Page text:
Across the globe, young people are marching in the millions to demand that necessary action is taken to avoid catastrophic climate disaster. These climate strikers are calling on everyone to play their part in addressing this crisis.


Economists for Future is extending this demand to the economics community. Despite some exceptions, the overall contribution from economists has been nowhere near commensurate with the magnitude of the problem.

Where we have contributed, we have been largely unsuccessful: the market-based solutions have yet to deliver the emission cuts at the required speed.

In the context of the climate emergency, winning slowly is losing.


As the IPCC puts it, avoiding environmental breakdown requires “rapid, far-reaching and unprecedented changes in all aspects of society.”

We must radically change how we produce and consume to overcome the enormous challenge of decoupling economic activity from greenhouse gas emissions and unsustainable resource use.

Yet, the real task is to meet this challenge while transforming our world into a more prosperous and equitable place.


Emergencies do not call for incrementalism, they call for an intervention. If the discipline which dedicates itself to studying the economy cannot sufficiently engage in the economic transformation that the climate science requires, then who else can be expected to do this? The responsibility and the opportunity is ours.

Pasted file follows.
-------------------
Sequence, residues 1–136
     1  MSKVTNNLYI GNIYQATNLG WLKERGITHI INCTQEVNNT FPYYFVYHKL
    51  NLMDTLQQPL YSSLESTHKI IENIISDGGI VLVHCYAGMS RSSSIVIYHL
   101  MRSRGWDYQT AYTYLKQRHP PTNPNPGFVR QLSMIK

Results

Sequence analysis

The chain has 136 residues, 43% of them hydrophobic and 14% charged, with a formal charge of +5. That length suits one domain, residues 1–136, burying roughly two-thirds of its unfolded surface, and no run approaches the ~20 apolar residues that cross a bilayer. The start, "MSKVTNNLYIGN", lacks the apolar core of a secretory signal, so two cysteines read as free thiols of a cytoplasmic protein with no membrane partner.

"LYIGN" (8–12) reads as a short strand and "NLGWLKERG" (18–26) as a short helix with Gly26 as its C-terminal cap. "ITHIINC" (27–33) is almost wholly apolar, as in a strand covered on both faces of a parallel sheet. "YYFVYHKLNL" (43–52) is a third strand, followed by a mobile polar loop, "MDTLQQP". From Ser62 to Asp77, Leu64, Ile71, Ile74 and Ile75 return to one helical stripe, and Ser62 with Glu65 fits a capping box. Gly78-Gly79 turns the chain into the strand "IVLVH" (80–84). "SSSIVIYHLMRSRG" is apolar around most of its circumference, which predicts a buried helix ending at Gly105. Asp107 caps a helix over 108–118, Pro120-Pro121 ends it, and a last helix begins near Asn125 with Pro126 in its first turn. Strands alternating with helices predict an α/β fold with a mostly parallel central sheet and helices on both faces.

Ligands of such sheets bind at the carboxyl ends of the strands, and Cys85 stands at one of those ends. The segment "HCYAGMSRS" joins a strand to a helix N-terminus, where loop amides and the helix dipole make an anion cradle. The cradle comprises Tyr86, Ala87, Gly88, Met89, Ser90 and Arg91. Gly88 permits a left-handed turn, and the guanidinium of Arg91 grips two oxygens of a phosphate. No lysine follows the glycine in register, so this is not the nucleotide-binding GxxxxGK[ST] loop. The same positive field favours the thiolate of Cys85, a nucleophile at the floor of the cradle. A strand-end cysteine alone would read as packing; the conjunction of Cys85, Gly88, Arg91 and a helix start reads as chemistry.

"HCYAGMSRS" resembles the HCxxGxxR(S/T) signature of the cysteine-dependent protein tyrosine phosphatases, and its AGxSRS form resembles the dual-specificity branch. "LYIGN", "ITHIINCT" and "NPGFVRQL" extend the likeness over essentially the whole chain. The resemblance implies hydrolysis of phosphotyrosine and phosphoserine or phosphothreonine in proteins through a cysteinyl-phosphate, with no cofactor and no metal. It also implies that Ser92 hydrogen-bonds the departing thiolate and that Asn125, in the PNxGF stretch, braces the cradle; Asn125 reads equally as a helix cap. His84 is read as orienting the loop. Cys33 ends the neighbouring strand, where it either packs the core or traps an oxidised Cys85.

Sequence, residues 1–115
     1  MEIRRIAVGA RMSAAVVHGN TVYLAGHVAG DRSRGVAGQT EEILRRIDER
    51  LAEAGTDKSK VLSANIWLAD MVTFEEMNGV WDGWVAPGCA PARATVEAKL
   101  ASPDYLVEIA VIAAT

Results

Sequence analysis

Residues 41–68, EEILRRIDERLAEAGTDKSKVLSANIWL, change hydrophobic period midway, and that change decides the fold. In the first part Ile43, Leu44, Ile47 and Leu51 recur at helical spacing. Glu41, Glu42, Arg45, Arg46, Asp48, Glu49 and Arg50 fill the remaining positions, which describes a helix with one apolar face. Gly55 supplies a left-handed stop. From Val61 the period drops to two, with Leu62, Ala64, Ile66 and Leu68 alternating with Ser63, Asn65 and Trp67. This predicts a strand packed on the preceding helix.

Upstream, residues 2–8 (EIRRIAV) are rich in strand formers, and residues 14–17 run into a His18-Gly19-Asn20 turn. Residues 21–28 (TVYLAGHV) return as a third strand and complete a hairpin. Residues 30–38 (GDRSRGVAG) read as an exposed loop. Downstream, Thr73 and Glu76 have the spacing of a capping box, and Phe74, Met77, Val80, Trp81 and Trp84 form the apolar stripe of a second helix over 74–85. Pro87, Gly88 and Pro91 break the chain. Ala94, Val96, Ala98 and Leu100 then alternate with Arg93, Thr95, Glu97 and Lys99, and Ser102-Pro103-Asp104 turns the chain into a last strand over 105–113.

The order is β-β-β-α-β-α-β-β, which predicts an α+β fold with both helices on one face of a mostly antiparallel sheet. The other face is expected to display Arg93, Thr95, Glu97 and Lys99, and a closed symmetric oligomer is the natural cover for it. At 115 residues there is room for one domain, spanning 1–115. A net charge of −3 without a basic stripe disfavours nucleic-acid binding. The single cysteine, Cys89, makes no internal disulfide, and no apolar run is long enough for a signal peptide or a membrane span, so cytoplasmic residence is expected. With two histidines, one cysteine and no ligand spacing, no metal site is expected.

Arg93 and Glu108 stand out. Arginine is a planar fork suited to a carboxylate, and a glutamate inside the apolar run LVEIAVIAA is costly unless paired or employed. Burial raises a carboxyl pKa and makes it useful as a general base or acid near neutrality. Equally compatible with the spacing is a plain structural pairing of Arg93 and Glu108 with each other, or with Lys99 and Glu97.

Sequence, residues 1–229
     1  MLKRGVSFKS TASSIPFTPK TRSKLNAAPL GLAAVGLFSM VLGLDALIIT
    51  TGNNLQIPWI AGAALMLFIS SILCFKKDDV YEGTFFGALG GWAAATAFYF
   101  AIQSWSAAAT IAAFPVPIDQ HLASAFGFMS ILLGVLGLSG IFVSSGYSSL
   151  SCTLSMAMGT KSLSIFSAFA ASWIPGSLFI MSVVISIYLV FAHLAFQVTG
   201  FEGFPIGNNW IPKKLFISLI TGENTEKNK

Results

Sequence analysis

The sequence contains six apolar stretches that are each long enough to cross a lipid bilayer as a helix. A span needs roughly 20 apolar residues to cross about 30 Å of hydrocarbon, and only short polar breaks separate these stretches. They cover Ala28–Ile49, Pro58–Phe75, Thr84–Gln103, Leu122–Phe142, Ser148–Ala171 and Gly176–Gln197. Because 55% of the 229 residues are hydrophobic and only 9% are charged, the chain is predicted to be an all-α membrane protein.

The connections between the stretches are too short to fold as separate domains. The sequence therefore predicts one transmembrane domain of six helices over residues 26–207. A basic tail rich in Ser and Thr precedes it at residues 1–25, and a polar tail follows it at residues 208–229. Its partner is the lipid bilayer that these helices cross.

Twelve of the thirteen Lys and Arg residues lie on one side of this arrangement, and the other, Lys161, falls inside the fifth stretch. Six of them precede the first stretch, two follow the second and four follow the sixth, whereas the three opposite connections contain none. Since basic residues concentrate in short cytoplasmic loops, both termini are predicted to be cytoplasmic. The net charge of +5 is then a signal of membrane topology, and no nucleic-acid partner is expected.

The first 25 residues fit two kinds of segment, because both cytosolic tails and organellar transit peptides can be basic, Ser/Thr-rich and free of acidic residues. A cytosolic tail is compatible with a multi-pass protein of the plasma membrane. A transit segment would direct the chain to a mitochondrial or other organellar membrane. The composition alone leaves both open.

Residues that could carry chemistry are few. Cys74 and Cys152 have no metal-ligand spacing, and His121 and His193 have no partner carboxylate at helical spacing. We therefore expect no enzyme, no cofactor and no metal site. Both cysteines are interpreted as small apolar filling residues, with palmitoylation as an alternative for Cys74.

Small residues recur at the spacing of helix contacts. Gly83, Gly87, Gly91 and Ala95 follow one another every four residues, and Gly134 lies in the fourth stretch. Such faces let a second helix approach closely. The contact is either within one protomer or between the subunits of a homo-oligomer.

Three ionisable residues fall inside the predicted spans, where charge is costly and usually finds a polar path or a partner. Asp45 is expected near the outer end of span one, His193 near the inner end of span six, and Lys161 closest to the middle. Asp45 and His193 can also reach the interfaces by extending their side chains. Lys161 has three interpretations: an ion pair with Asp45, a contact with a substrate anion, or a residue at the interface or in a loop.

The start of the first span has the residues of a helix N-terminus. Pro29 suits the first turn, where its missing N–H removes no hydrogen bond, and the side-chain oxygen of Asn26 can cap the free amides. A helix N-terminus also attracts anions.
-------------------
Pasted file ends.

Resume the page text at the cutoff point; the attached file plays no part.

Economists for Future believes fulfilling this responsibility and seizing this opportunity requires us to at least embrace the following:


Climate change is itself not “the subject” that economists need to address: it is a symptom of the subject. Economists must get to the root of this problem. We must move beyond the cognitive bandwidth that says it is only environmental economists that should engage in this crisis.

This is not about having more environmental economists. This is about the whole discipline embedding its thinking and its methodologies within the context of a finite planet.


In the 20th century, economists tended to operate with the mindset that their task was to further human prosperity. In the 21st century, economists need to embed furthering human prosperity within the context of natural systems.

With the effects of climate change varying profoundly across space and time, prioritising distributional equity is central to that thinking. We should not outsource crucial issues, such as climate justice as being hard to quantify. 21st-century economists will need to have a stronger commitment to the rapid development of the discipline, even when that might be uncomfortable. Lastly, more leading economists need to move beyond academic silos by actively contributing to public deliberation.

Economists must show the world that they take the climate science seriously by

Prioritising research and resources towards this issue.

Teaching the next generation differently: the economists of the future must embed ecological concepts within their core thinking.

Making public and policy engagement on this issue a core responsibility.

We cannot afford to be cheerleaders for the status quo. Business-as-usual is far too expensive. It is economically and morally indefensible.

Instead, we must play our part in creating and communicating an intellectual framework that accelerates action on the climate crisis.

There is simply not the time for a half-hearted response from the economics profession. We still have great unmet potential to help tackle this crisis but it is now or never. Signing this letter is a commitment to action now. A commitment to seize this opportunity to strengthen the discipline, but most importantly, the very subject it serves: the wellbeing of humanity.


This open letter was written in November 2019.